capsule review

Schedule playtimes for iTunes playlists with Daypart

At a Glance
  • Doug Adams Daypart 2.1.1

    Macworld Rating

Editor’s note: The following review is part of Macworld’s GemFest 2012 series. Every weekday from mid June through mid August, the Macworld staff will use the Mac Gems blog to briefly cover a favorite free or low-cost program. Visit the Mac Gems homepage for a list of past Mac Gems.

Daypart, a desktop app that lets you schedule playtimes for your iTunes playlists, is the Ron Popeil of the Mac music universe—just “set it, and forget it.”

This app operates in multiple windows. In the main window, you schedule when you want certain playlists to play. This includes regular playlists, smart playlists, and Genius playlists—the variety means you can also schedule when you want online radio stations to begin playing during the day. You choose the days and times you want the playlists to start; you have the option of choosing when iTunes should stop playing, as well. Either let the last song play to completion, or fade it out as its scheduled playing time ends. Playlists can also be set to “shuffle” mode.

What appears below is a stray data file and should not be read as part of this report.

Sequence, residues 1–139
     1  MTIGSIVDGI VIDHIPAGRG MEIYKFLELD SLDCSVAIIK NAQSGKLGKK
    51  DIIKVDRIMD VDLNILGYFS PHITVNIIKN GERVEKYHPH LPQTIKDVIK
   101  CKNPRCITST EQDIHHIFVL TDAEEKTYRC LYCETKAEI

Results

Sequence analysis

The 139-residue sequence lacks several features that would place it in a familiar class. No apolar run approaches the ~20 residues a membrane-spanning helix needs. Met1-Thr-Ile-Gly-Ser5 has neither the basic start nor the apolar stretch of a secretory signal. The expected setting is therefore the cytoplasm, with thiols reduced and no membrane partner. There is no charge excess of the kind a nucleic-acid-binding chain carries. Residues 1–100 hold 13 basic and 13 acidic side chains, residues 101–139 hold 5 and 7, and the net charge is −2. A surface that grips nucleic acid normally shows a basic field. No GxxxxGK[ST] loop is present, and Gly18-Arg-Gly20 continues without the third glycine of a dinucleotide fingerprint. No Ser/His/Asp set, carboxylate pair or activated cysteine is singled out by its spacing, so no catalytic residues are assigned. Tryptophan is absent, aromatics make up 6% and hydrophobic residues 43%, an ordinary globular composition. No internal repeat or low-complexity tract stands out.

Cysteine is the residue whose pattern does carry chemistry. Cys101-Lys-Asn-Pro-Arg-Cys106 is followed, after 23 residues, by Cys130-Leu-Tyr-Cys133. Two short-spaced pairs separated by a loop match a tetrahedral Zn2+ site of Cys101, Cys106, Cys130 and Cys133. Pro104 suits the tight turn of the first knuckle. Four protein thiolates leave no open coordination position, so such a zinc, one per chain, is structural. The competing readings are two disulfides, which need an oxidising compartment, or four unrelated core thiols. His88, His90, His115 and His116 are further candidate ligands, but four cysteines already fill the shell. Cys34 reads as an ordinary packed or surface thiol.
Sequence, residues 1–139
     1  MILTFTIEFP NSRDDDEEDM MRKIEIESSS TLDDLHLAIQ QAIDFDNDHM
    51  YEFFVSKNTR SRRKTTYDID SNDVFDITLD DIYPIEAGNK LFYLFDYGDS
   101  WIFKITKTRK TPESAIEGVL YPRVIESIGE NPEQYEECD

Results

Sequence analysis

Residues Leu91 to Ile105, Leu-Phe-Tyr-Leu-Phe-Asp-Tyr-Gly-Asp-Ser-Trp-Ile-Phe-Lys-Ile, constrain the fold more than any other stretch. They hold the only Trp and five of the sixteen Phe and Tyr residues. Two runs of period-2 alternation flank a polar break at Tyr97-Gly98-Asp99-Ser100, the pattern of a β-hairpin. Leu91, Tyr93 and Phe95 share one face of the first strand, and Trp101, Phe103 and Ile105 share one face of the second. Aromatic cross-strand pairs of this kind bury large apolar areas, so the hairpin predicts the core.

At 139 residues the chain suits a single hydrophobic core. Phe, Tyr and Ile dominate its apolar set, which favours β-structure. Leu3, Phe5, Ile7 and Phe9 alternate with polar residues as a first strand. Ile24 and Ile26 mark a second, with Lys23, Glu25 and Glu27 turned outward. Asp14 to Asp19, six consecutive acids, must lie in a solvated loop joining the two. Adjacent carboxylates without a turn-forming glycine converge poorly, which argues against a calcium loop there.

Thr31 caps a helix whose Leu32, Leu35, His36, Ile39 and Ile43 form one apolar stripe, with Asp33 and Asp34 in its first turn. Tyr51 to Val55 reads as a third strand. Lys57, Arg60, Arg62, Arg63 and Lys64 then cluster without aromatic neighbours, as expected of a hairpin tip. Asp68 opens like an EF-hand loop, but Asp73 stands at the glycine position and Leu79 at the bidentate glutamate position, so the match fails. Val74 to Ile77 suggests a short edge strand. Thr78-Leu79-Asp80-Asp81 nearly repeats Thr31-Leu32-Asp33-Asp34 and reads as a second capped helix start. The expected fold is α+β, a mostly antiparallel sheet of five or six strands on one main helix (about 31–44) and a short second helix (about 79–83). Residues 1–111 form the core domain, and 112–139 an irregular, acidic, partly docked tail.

A view of Daypart's three windows.
A view of Daypart's three windows.

Once you’ve created a schedule for your desired playlists (and you can create multiple schedules) you then open the second window—the “Daypart Player”—load the schedule, and press the “engage” button. (And you can look at your schedules in the third window, a calendar view of your music schedule.) After that, you can walk away; your Mac will start the music at the proper times.

Daypart has some shortcomings. Its navigation isn’t entirely intuitive—I had to watch an instructional video to understand that I needed to load the schedule into the Daypart Player. And if you to shut down the app for any reason, you have to reload Daypart Player upon re-launch.

Mostly, however, Daypart is an easy and effective way of playing the music you want when you want, all without too much hassle.

[Joel Mathis is a writer in Philadelphia.]

Want to stay up to date with the latest Gems? Sign up for the Mac Gems newsletter for a weekly email summary of Gems reviews sent directly to your Inbox. You can also follow Mac Gems on Twitter.

To comment on this article and other Macworld content, visit our Facebook page or our Twitter feed.
At a Glance
  • Doug Adams Daypart 2.1.1

    Macworld Rating
Notice to our Readers
We're now using social media to take your comments and feedback. Learn more about this here.